Sudden UK Election Shelves Contentious Tobacco and Vapes Bill

May 23, 2024

Prime Minister Rishi Sunak’s Tobacco and Vapes Bill has gone up in smoke after his surprise announcement, on May 22, of a snap election in the United Kingdom.

The bill would permanently ban anyone born after 2008 from legally buying cigarettes, by gradually raising the minimum purchasing age from the current 18. There’s controversy over that, and a similar law in New Zealand was ditched in late 2023.

But the UK legislation would also respond to recent outcry over youth vaping by giving ministers new powers to restrict vape flavors, other contents, packaging, and point-of-sale displays deemed to attract youth.

These provisions (together with a new vape tax announced in March), have been condemned by tobacco harm reduction advocates, when access to vape flavors is critical to many adults who switch from smoking.

The bill will not be rushed through in the brief so-called “wash up” period before Parliament is dissolved.

As Filter reported in April, the bill was close to becoming law, having passed through the House of Commons.

But the prime minister’s announcement of a July 4 election date has stopped the Tobacco and Vapes Bill in its tracks, for now.

Online reports citing government sources have confirmed that the bill will not be rushed through in the brief so-called “wash up” period before Parliament is dissolved prior to the election.

Some advocates have celebrated the news.

“Legislation like this has a wide range of life-or-death consequences and needs careful and prolonged scrutiny,” British tobacco harm reduction expert Clive Bates, of Counterfactual Consulting, told Filter. “It should not be rammed through in a couple of days.”

Bates said that for several reasons he was “glad” the bill has been scrapped for now. “More importantly, a delay means a chance to reconsider.”  

But what will happen after the election?

In his May 22 speech, Sunak recommitted himself and his Conservative Party to the legislation. He said his party would “ensure that the next generation grows up smoke-free.” The bill is expected to feature in the party’s election manifesto.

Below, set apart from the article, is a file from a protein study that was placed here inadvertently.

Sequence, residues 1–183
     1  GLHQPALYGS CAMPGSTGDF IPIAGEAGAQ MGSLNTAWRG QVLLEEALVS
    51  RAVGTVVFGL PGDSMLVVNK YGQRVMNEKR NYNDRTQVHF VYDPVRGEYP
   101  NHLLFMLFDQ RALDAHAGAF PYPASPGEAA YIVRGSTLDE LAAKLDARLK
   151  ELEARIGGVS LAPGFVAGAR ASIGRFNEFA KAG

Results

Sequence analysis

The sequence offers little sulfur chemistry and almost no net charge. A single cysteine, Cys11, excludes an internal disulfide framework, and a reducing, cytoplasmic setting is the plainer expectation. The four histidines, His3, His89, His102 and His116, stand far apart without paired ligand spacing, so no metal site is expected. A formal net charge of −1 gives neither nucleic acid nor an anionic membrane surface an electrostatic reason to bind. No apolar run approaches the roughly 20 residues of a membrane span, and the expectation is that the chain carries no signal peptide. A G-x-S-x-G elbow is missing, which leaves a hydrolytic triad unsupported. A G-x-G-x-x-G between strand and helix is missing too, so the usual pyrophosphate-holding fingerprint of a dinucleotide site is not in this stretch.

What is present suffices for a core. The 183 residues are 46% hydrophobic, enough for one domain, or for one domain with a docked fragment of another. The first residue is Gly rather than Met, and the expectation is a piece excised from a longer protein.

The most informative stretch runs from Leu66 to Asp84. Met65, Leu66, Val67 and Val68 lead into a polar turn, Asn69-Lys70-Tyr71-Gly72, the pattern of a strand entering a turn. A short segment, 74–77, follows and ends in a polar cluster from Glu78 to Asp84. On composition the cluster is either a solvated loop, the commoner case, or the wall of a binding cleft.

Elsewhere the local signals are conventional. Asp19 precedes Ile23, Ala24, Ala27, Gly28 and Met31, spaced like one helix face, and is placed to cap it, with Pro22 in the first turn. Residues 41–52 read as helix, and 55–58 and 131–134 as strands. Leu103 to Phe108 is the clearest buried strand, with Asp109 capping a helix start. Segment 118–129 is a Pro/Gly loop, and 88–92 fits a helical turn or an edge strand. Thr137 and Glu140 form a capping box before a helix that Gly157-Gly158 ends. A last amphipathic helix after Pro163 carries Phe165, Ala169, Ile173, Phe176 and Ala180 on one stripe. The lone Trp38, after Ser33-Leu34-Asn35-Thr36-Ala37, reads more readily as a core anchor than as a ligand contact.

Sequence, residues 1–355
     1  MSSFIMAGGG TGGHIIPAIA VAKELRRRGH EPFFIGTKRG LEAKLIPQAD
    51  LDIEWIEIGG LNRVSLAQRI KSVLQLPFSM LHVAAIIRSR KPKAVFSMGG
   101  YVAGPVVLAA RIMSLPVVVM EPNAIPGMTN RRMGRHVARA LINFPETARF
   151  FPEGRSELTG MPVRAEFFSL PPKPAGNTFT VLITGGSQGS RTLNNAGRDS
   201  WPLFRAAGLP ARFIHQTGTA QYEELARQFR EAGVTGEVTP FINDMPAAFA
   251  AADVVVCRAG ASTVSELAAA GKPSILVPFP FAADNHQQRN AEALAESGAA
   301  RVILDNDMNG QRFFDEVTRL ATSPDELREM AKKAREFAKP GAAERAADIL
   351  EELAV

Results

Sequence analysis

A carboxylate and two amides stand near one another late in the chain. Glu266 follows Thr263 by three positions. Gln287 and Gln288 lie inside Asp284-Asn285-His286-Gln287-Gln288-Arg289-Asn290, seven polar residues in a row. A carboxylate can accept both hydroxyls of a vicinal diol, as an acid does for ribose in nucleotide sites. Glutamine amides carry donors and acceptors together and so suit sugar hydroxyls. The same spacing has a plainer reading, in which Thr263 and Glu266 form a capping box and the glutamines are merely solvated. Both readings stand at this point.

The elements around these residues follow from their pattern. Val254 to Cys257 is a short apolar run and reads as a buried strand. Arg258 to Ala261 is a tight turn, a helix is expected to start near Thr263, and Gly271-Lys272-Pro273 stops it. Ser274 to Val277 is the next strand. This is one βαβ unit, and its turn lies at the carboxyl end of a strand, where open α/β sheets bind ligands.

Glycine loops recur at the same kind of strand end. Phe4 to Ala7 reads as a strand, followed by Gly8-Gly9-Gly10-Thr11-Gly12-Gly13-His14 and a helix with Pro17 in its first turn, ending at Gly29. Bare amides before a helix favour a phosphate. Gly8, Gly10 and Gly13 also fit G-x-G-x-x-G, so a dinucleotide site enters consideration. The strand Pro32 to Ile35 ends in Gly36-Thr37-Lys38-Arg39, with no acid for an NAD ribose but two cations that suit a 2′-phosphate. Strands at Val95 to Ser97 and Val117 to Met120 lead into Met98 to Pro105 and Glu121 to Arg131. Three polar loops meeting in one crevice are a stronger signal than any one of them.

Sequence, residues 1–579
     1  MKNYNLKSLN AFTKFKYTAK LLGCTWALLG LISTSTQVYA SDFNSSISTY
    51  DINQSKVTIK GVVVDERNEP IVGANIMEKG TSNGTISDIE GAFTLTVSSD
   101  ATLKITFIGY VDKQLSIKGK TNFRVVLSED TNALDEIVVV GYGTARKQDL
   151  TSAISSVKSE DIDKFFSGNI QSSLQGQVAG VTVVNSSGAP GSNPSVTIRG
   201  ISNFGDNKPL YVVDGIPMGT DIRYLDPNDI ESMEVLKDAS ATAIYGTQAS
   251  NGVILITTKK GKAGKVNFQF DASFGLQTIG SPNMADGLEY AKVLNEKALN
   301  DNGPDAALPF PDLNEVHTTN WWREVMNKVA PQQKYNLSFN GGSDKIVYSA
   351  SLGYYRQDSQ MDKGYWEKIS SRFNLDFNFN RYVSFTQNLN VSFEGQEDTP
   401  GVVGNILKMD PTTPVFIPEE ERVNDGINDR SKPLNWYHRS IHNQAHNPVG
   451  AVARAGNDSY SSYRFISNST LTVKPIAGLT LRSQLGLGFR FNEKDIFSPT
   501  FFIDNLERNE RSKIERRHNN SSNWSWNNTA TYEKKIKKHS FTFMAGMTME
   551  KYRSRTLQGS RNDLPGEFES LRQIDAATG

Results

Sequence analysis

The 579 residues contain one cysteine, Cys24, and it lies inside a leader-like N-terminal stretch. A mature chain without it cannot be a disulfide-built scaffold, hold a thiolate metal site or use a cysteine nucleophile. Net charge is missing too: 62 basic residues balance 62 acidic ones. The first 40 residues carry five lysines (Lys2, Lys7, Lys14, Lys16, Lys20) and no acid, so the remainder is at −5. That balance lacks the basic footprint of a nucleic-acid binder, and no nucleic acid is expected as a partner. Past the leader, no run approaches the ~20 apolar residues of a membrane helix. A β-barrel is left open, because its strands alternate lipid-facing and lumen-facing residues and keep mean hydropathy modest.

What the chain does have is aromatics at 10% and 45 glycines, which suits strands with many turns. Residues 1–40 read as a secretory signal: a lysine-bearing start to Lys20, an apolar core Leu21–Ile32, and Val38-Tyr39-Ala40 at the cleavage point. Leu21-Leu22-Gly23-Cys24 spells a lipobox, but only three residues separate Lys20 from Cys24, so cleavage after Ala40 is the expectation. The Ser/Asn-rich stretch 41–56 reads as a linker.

But dismal polling for the Conservatives makes them outsiders to win. Betting odds heavily favor the left-of-center Labour Party to form the next government.

That might mean more of the same on this particular issue. In April, Labour supported the Tobacco and Vapes Bill. It passed by 383 votes to 67—and most of the votes against were from Conservative MPs, rebelling against their party’s leadership.

Sir Keir Starmer, the Labour Party leader and potential next prime minister, has supported the incremental smoking ban, and his party has pledged to reintroduce it if it wins power.

“The legislation has pointless measures on smoking and counterproductive measures on vaping. We now have a chance to get this right.”

But Bates sees some potential for flexibility on some of the measures once they’re revisited after the election. “I hope that Labour will include a commitment to legislate, but will not slavishly stick with the flawed Tory [Conservative Party] proposals,” he said.

“The legislation has pointless measures on smoking and counterproductive measures on vaping—what I call a misfire combined with a backfire,” Bates continued. “We need to use vaping to address the problem of smoking in middle-aged adults and take a more sophisticated approach to protecting youth.”

“I would like a new government to come in willing to take a fresh look at how best to deal with tobacco and nicotine,” he concluded. “We now have a chance to get this right.”

 


 

Photograph of 10 Downing Street, residence of the UK prime minister, by Sergeant Tom Robinson via Wikimedia Commons/OGL V1.0

Kiran Sidhu

Kiran is a tobacco harm reduction fellow for Filter. She is a writer and journalist who has written for publications including the Guardian, the Telegraph, I Paper and the Times, among many others. Her book, I Can Hear the Cuckoo, was published by Gaia in 2023. She lives in Wales. Kiran's fellowship is supported by an independently administered tobacco harm reduction scholarship from Knowledge-Action-Change—an organization that has separately provided restricted grants and donations to Filter.

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